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December 23, 2005

SKI TRIP UPDATE

At night, when we're sitting around the condo listening to bruises form on our bodies, we've been playing with a little electronic 20-questions gadget that looks sort of like this. It's amazing: You think of something -- say, a bottle cap, or the pyramids -- and it asks you 20 yes-or-no questions that often seem odd, such as "Is it heavier than a duck?" and "Does it give joy to people?"  The questions are so strange and seemingly unfocused that we're almost always convinced it's not going to guess the answer, but most times, somehow, it does. It wins so often that for a while there we thought maybe it had a hidden microphone and was listening to us talk, so we started using code words for the object we'd picked, and it still usually got it right.

So I have two questions:

1. Does anybody know how it works?

2. Could we modify one of these things and have it replace the federal government?

Comments

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1. It uses artificial intelligence. Actually, that's one of the oldest examples of AI.

2. The fact that it has intelligence, artificial or otherwise, automatically disqualifies it from government work. Although... it *might* make a good replacement for judi. *wink*

*goes and gets his modified Clapper Ogasmatron to see how to merge the 20 Question thingie*

Let's see, add a little here, take a little off here.

Hum....

Lab: Could you explain what you mean by "It uses artificial intelligence"?

1. magic 2. yes please

If it's not a benevolent dictator, I have no idea... but more importantly, Dave Barry - I just love that you write and make me laugh. Merry Merry to you!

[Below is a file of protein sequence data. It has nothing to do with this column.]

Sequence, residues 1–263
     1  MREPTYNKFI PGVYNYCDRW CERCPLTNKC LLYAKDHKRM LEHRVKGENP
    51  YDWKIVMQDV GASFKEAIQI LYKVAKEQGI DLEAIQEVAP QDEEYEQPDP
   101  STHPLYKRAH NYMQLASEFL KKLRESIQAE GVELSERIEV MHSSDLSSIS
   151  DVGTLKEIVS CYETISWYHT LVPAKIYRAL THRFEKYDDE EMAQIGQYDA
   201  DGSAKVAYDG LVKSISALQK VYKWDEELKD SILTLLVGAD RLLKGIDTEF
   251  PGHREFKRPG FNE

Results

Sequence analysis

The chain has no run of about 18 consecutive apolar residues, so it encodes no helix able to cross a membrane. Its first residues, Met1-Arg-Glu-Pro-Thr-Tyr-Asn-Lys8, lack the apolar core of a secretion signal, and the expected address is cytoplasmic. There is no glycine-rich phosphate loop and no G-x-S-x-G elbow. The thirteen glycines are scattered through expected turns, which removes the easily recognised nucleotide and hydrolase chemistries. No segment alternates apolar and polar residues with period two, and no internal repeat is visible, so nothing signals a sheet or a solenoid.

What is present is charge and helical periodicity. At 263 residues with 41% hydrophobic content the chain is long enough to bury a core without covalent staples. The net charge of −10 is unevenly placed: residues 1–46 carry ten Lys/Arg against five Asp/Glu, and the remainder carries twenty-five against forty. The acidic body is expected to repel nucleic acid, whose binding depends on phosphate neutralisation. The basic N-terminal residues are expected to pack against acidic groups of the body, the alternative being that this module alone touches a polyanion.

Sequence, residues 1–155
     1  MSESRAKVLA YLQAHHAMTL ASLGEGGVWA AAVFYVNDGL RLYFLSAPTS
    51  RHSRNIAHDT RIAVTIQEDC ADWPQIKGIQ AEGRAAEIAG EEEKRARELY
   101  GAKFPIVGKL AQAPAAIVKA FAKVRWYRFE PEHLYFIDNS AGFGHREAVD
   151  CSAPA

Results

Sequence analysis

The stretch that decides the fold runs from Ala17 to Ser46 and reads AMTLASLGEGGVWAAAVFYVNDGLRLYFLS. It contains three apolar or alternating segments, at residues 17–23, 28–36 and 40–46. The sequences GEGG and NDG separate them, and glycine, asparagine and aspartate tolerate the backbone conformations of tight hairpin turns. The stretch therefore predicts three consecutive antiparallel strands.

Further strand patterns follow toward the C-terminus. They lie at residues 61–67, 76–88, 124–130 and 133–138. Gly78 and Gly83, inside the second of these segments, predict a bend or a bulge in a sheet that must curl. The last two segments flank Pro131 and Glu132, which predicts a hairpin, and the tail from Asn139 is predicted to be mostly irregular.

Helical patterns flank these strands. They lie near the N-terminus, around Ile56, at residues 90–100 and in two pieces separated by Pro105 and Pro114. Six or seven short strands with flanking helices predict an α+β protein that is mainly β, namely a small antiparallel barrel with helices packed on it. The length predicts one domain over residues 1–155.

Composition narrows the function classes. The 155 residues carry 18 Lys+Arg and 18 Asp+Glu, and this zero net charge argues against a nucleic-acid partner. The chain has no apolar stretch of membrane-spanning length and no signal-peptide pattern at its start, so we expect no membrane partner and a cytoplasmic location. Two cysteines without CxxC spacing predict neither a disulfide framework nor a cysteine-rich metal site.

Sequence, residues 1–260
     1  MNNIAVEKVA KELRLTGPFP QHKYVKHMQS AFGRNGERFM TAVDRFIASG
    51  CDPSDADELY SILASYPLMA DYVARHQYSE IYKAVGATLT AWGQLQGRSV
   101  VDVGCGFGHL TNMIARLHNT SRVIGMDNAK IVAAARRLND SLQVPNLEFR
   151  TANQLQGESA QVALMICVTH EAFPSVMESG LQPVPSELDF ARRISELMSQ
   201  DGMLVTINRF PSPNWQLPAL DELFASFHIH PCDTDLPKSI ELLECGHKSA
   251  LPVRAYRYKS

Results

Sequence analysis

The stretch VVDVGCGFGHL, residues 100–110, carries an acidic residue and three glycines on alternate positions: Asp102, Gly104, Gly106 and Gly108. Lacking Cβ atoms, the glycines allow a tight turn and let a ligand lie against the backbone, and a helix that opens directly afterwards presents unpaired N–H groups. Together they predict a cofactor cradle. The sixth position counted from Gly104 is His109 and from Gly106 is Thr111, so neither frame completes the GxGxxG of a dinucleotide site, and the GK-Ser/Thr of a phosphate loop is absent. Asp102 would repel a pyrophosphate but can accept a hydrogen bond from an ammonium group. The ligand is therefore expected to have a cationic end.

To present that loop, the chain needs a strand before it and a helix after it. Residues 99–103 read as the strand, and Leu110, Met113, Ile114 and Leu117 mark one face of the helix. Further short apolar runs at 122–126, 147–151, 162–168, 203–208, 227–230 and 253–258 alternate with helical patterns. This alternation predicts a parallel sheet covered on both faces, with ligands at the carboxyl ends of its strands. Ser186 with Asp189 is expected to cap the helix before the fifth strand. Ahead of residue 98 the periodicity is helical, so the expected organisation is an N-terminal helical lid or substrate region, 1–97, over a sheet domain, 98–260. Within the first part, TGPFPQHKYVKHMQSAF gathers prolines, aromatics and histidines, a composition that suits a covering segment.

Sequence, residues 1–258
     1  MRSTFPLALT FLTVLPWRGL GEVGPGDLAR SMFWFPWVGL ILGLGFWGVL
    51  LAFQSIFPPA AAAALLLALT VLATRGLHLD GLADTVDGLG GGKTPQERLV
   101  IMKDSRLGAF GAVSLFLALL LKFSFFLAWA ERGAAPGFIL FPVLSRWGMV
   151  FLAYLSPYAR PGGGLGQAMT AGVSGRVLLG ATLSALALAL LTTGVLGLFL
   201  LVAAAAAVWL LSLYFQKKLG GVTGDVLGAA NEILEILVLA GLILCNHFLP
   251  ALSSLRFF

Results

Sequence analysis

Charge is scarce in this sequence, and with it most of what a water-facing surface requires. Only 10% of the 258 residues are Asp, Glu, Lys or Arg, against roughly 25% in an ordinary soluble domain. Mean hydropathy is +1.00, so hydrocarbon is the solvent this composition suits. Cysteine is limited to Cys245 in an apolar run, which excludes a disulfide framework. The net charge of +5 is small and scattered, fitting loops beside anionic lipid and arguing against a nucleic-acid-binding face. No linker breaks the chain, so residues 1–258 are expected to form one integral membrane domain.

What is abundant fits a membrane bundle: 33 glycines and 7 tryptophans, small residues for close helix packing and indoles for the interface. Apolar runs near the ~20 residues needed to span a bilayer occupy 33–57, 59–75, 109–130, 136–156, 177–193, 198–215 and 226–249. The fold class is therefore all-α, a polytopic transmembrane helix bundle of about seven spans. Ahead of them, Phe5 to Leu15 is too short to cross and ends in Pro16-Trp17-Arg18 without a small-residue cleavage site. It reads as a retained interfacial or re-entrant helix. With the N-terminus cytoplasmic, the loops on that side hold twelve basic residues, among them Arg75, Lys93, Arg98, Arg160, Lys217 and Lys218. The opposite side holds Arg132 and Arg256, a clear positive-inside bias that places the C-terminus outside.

Dave, will you PLEASE ask it where I put my damn car keys.. I'm late for work.

Well, it has (usually) a binary tree database that it balances. It tries to keep the depth of the tree at most 20. So, each question makes it go down the left branch if you say yes, and right branch if you say no. When it reaches a leaf node (no more branches) then it has found the object it thinks you picked.

Most versions, if the guess it has is wrong, will then ask you to enter a new question that it can ask so that it can tell what you picked from what it thinks you picked. So, if it said you picked a howitzer, but you really picked a turnip, it would ask you to enter a question that distinguishes a howitzer from a turnip.

I just read my own answer and I can shorten it: blah blah blah boring blah blah. And that's how it works.

Still, if you can get one to cuss you out on occasion, it would make a fine stand-in for judi when she's on vacation.

One word HUH?

*thinks he go with "Smoke and Mirrors" as the answer*

Try letting the smoke out and see if it continues to work....

LabSpec, I hope it's good at that, because I've never been able to distinguish a howitzer from a turnip.

By the way, would you like to come over for a salad this evening?

An example! If I had just TWO items, and you had to pick one of the two, then I'd only need one question to determine what you were thinking.

Item 1: The pyramids. Item 2: a duck.

Question: Is it heavier than a duck?
If yes, then it's the pyramids. Otherwise it's a duck.

Okay, now I add a bottle cap, and a new question. "Does it have feathers?"

Question 1: Is it heavier than a duck?
Yes: pyramids
No:
Question 2: Does it have feathers?
Yes: It's a duck
No: It's a bottlecap.